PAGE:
November 8, 2010
Block Up Your Chimney
by David Scott
If reindeer could really speak, what awful tales would we hear? My hackles rose in the lobby when I was confronted with early November shiny baubles and other such Christmas frippery, but then the bleak stage set with its eight chairs and numerous pairs of reindeer antlers made me feel a lot more sanguine. Any play which cleverly destroys the myth and magic of Christmas gets my vote.
Santa, we quickly learn, is not the fat, jolly ho-ho-ho character we were led to believe. He's a workplace bully, a rapist, a paedophile, and a sexual abuser of animals - well, his reindeer to be more precise. I'm not sure of the technicalities of this. Deer can kick mighty hard with their hind legs. But I digress. Mrs Claus is even worse, if that's possible. An alcoholic harridan, she disgraces herself at the Christmas party by doing with the elves - if I heard it right - what a certain mail-order bride did with ping pong balls in Priscilla. Rudolph, he of the red-nose and happy tune, has been reduced to a catatonic state by what he witnessed in Santa's toy shop. Stop. Enough is enough. Who will blow the whistle on this dreadful state of affairs? And will it jeopardise the Christmas sleigh run, disappointing millions of children all round the white, Western middle-class world where Santa concentrates his endeavours.
Cue the reindeer monologues, testimonies by Santa's favoured eight reindeer, the Lapland Eight as they undoubtedly deserve to be called. One by one, they make the case for or against Santa, and sometimes just for themselves. Dasher (Alex Gartshore) reveals his pride at leading the team while Comet (James McGregor) praises with evangelistic glee the man who has done more for peace and stability on earth as though he was a Fox News correspondent talking about George Bush. The real stings in the tale come when Rudolph's father, beautifully captured by Martin Ritchie, recounts how his red-nosed son became destroyed mentally and physically, a dumb acolyte on the spurious altar of parental ambition. Then there is Vixen (Kirsty Malpass), brutally raped by the said Mr Claus, who started this whole unpleasant ball rolling at a time when people were supposed to be feeling festive. Ho-ho-ho, you might say. There's the token gay reindeer, a reindeer with a movie career under threat (a very slick turn from Roger Rowley) and a feminist one too who fights admirably for Vixen's corner.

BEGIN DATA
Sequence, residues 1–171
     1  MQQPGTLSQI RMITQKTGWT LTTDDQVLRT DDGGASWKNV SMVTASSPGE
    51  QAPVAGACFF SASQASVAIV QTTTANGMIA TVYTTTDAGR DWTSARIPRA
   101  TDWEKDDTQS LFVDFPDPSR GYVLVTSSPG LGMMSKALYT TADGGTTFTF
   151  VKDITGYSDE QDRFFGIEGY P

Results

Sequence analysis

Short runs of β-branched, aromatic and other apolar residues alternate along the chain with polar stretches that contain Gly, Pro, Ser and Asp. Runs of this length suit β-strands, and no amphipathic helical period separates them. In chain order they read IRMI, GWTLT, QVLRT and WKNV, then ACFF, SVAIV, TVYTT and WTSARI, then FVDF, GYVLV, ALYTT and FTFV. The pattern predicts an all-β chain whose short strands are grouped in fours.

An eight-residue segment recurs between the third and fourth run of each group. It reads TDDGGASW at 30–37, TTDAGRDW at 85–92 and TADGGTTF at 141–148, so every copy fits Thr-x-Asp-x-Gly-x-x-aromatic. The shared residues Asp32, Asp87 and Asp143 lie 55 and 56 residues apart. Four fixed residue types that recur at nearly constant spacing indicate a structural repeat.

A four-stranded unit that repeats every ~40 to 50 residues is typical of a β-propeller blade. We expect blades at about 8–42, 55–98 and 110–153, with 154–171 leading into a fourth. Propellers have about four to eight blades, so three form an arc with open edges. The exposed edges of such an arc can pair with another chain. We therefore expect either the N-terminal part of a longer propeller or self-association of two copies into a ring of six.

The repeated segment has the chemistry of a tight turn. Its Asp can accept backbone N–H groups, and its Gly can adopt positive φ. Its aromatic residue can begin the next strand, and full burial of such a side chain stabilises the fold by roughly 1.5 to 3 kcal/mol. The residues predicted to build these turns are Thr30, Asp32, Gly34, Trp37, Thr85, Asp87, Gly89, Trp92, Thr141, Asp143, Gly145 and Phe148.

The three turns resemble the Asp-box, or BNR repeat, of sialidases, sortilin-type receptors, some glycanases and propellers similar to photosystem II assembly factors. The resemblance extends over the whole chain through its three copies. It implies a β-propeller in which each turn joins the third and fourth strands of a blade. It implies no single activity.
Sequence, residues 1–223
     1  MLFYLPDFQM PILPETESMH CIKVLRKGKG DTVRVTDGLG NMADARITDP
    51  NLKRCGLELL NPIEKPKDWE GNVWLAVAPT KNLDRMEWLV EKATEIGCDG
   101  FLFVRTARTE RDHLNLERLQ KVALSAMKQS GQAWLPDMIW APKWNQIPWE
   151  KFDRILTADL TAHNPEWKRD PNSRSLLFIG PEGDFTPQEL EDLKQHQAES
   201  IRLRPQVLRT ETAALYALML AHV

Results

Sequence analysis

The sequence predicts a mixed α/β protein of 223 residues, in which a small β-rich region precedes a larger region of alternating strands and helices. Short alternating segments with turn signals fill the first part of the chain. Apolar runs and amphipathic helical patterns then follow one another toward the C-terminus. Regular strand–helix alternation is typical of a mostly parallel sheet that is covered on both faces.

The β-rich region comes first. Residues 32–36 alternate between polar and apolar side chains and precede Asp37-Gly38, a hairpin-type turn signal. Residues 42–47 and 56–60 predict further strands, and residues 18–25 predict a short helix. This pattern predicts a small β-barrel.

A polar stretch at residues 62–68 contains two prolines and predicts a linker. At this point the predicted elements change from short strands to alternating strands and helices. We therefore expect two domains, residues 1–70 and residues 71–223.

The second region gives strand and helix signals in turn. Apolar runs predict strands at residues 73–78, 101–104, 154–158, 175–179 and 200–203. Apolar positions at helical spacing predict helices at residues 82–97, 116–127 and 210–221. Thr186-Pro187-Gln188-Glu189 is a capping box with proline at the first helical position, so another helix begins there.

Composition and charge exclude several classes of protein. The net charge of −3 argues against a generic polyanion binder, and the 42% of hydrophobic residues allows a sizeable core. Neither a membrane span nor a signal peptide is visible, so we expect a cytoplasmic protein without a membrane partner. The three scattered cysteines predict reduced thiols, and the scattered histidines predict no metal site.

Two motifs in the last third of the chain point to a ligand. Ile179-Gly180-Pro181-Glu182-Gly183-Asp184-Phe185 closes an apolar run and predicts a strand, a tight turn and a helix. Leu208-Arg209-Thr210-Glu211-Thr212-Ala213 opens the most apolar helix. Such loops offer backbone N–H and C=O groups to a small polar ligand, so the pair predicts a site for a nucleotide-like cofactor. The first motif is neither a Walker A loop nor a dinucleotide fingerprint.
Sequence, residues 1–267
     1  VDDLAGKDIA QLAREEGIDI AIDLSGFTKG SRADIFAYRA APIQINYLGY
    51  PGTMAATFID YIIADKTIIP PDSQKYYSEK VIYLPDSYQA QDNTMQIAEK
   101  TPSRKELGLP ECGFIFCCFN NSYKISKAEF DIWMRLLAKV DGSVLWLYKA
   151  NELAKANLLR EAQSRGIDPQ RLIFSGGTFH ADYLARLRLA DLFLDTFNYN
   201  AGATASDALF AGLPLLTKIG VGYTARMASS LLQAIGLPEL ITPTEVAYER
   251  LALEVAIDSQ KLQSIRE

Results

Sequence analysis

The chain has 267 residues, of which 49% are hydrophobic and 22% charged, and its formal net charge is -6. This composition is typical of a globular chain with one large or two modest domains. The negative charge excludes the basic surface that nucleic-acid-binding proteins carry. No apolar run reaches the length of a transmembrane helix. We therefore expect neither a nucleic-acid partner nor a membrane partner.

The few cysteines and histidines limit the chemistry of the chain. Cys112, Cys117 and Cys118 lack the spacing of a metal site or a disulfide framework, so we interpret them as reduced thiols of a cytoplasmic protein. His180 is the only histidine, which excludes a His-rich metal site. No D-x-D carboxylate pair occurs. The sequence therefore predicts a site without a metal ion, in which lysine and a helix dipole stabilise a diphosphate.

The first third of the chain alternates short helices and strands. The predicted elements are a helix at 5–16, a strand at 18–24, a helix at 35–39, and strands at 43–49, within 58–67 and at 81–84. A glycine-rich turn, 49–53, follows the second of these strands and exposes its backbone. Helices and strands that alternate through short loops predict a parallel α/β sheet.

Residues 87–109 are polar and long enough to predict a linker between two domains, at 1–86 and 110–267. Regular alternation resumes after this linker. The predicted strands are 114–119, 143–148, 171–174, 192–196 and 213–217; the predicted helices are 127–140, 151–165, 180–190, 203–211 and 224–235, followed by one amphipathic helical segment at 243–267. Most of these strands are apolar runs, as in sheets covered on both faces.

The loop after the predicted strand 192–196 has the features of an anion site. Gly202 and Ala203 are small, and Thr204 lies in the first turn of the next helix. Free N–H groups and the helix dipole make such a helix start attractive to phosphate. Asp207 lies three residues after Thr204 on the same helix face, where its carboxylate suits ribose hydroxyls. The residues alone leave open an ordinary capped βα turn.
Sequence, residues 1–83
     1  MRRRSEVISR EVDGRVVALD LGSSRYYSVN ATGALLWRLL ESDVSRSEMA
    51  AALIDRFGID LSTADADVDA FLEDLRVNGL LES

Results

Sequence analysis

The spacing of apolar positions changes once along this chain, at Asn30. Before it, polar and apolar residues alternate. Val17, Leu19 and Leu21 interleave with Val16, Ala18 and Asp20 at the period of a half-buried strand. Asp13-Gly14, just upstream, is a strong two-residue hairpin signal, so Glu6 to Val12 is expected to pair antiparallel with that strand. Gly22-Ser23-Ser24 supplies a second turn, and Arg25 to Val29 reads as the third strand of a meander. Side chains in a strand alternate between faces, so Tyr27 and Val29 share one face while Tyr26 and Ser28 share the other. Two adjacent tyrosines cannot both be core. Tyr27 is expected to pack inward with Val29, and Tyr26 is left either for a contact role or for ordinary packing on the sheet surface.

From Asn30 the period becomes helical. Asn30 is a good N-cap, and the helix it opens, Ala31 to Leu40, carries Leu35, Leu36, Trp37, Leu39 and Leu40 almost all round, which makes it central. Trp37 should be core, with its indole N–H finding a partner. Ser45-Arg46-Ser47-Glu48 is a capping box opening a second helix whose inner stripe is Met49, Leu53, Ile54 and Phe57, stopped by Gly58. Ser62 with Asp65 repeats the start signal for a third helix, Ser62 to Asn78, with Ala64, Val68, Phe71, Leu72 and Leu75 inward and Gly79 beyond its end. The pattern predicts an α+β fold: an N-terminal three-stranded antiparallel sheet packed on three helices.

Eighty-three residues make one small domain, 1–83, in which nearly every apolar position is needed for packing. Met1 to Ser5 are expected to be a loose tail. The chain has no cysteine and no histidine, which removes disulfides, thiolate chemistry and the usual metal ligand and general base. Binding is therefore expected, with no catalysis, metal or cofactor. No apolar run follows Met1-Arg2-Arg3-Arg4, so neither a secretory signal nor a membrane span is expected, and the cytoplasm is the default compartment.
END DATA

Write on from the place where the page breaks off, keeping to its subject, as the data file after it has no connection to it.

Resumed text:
Funny and sad and tragic as they are, at the end of the day monologues are just that, and a terribly easy way out for a dramatist. The golden opportunity was here to create something far funnier and more interactive - with monologues there is no tension, no dramatic arc in the story. The Reindeer Monologues, for all its amusing and poignant moments, feels somewhat flat. When you see eight people on the stage, and you know each of them has a piece to say, you start counting off their turns one by one. A trial of Santa Claus, replete with forensic cut and thrust, might have been a better concept.
That said, the cast are terrific and milk their parts for all they are worth. The monologues are just the right length, never outstaying their welcome as with so many plays of this sort, and director Matthew Lloyd Davies, while squeezing as much interaction as he can into the piece, gives each of the characters just the right amount of rope with which to hang Santa. There's a moral too... Christmas must be protected at all costs, and if that means having an abusive, lecherous bearded bestialist and a sleighful of damaged reindeer, then so be it. It's only once a year.
The dull format aside, this is a wicked and clever piece of writing, well sustained by a dexterous cast. Block up your chimney: here comes Santa.